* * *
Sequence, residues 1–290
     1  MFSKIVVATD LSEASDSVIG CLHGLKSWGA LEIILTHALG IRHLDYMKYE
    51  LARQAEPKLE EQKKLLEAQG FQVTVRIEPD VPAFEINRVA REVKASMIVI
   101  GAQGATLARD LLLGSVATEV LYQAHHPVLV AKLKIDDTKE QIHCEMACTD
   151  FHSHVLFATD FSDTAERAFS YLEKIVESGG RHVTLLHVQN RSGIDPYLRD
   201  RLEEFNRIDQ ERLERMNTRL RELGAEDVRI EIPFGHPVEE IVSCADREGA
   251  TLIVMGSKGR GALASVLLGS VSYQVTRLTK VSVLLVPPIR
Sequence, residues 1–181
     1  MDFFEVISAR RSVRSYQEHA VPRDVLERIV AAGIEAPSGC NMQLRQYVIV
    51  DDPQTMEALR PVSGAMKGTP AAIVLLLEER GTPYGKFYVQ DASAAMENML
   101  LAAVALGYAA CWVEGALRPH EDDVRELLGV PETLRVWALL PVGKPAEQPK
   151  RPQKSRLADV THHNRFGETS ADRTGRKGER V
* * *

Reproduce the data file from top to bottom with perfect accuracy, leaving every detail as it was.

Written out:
Sequence, residues 1–290
     1  MFSKIVVATD LSEASDSVIG CLHGLKSWGA LEIILTHALG IRHLDYMKYE
    51  LARQAEPKLE EQKKLLEAQG FQVTVRIEPD VPAFEINRVA REVKASMIVI
   101  GAQGATLARD LLLGSVATEV LYQAHHPVLV AKLKIDDTKE QIHCEMACTD
   151  FHSHVLFATD FSDTAERAFS YLEKIVESGG RHVTLLHVQN RSGIDPYLRD
   201  RLEEFNRIDQ ERLERMNTRL RELGAEDVRI EIPFGHPVEE IVSCADREGA
   251  TLIVMGSKGR GALASVLLGS VSYQVTRLTK VSVLLVPPIR
Sequence, residues 1–181
     1  MDFFEVISAR RSVRSYQEHA VPRDVLERIV AAGIEAPSGC NMQLRQYVIV
    51  DDPQTMEALR PVSGAMKGTP AAIVLLLEER GTPYGKFYVQ DASAAMENML
   101  LAAVALGYAA CWVEGALRPH EDDVRELLGV PETLRVWALL PVGKPAEQPK
   151  RPQKSRLADV THHNRFGETS ADRTGRKGER V